I went out on a limb and googled my deadname and AFTN and amazingly, there I was. Listed in a group picture of the entire crew of the military Udorn, Thailand radio/television station in September of 1972. I would have been approximately six months removed from basic training and the station itself was still fairly new. A year before, a battle damaged fighter jet had crashed into the old station killing all nine of the workers inside. So the surprise picture brought back many memories, many not so good.

At any rate, I have decided to share the photo on Cyrsti's Condo. I am on the bottom row, first person on the left. I worked all nights then and lived off base, so somehow I escaped not having to wear a uniform for the group. Ironically the only other military person shown here not in uniform was my close friend Dave Mallett. 

With this group we operated and tried to maintain a 24/7 radio station and a 14 hour a day television station for the airbase and separate "secret" sites in Cambodia. Our job was to provide as well as we could a connection to home for the others we served.

I am humbled and honored to receive the award!


  

Tuesday, May 19, 2020

Not Good Enough

Perhaps you have read somewhere by now, the Navy has given a waiver to serve for a stellar transgender active duty person. As you probably remember, for no good reason (except pleasing his red neck base) the liar in chief banned all transgender troops from serving. Since I am a transgender veteran myself, this story really hits home.

Now. “The acting Secretary of the Navy has approved a specific request for exemption related to military service by transgender persons and persons with gender dysphoria,” Navy spokeswoman Lt. Brittany Stephens told CNN.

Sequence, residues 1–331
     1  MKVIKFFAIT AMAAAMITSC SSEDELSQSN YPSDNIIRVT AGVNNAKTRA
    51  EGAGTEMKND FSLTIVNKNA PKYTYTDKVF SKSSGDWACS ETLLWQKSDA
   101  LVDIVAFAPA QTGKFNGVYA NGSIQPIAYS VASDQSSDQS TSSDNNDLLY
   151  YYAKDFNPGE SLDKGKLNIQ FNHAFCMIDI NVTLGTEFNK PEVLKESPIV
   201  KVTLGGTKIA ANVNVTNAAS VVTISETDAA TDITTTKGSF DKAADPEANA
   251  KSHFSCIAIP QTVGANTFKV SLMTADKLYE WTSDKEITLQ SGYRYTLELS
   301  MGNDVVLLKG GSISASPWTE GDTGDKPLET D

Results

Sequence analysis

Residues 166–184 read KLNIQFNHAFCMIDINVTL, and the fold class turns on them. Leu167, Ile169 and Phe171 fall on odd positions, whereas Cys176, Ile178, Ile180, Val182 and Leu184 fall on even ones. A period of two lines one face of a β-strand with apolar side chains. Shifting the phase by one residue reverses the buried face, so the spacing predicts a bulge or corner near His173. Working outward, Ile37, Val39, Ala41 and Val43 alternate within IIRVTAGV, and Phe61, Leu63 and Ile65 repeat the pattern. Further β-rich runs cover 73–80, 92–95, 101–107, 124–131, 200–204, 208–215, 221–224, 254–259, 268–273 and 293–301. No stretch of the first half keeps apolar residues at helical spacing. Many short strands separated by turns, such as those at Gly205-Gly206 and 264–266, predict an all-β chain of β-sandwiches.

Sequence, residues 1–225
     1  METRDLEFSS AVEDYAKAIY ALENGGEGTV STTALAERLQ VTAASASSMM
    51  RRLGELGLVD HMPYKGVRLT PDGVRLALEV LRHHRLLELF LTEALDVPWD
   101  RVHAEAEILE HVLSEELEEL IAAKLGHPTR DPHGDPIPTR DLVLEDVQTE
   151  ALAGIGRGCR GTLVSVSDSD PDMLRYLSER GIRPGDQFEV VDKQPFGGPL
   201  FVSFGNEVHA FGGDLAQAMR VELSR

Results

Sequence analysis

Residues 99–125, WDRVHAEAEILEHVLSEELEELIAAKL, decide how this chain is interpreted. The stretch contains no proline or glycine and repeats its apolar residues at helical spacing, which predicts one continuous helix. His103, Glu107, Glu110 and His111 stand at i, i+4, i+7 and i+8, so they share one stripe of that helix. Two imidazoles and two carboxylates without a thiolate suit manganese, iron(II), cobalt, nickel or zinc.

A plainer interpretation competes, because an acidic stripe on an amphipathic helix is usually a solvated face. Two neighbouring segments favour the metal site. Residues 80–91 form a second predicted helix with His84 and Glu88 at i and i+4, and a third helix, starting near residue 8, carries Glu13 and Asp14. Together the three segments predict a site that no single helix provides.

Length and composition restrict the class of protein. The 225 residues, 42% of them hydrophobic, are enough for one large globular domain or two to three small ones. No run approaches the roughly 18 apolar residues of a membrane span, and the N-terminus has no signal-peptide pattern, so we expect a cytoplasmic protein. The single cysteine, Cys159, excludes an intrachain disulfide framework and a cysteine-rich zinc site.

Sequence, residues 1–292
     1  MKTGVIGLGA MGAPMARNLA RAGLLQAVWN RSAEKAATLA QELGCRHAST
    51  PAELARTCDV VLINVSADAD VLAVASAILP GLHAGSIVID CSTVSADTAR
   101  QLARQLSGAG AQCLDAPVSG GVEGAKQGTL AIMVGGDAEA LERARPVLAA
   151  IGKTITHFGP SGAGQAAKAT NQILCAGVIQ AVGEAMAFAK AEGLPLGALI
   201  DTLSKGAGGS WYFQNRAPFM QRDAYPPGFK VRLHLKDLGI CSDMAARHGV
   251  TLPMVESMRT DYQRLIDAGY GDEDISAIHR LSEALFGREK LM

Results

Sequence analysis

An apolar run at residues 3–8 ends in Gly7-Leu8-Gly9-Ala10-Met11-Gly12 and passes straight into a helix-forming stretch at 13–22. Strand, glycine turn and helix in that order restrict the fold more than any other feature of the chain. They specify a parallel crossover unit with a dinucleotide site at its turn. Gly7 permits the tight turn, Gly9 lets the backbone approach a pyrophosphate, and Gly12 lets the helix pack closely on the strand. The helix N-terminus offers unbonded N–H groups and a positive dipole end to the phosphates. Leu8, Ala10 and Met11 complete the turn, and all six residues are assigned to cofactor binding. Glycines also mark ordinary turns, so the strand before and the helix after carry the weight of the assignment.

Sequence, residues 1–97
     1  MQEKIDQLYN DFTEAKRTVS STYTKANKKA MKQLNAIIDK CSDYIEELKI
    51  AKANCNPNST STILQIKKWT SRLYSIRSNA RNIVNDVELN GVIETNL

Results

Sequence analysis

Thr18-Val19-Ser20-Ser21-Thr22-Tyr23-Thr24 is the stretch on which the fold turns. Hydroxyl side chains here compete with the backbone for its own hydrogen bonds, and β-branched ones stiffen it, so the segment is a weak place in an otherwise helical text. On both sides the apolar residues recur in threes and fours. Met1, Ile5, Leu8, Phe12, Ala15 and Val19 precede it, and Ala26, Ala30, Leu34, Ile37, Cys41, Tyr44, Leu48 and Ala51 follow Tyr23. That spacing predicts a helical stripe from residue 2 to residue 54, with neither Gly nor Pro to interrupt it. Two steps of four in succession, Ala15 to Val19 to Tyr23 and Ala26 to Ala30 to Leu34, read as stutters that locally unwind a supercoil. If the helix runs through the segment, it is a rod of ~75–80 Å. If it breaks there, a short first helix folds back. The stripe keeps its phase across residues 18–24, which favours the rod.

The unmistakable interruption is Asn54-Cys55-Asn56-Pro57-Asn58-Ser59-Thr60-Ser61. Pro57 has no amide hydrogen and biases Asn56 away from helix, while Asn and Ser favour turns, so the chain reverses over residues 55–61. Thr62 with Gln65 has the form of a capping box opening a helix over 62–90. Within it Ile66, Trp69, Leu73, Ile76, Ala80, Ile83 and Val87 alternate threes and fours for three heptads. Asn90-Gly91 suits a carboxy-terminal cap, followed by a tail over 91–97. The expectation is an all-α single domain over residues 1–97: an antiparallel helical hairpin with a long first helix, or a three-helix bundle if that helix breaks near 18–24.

Here is more from the LGBTQ Nation: “This service member requested a waiver to serve in their preferred gender, to include obtaining a gender marker change in (the Defense Enrollment Eligibility Reporting System) and being allowed to adhere to standards associated with their preferred gender, such as uniforms and grooming.”

The unnamed officer came out after the ban went into effect in June 2019. They were represented by the National Center for Lesbian Rights(NCLR)  and GLBTQ Legal Advocates & Defenders (GLAD).

“The ban has been in place for over a year and this is the first waiver to be granted,” said Jennifer Levi, GLAD Transgender Rights Project Director. “While we are relieved that our client, a highly qualified Naval officer, will be able to continue her service, there are other equally qualified transgender service members who have sought waivers and are still in limbo, despite being perfectly fit to serve. Dedicated military service members shouldn’t have to bring a lawsuit to be able to continue doing their job.”

“There is no basis for treating transgender service members differently by requiring them to seek a waiver that no one else has to obtain in order to continue to serve,” said Shannon Minter, NCLR Legal Director." “While we are relieved for our client, requiring transgender service members to jump through this discriminatory hoop makes no sense and only underscores the irrationality of the ban. Being transgender has nothing to do with a person’s fitness to serve, and transgender individuals should be held to the same standards as other service members.”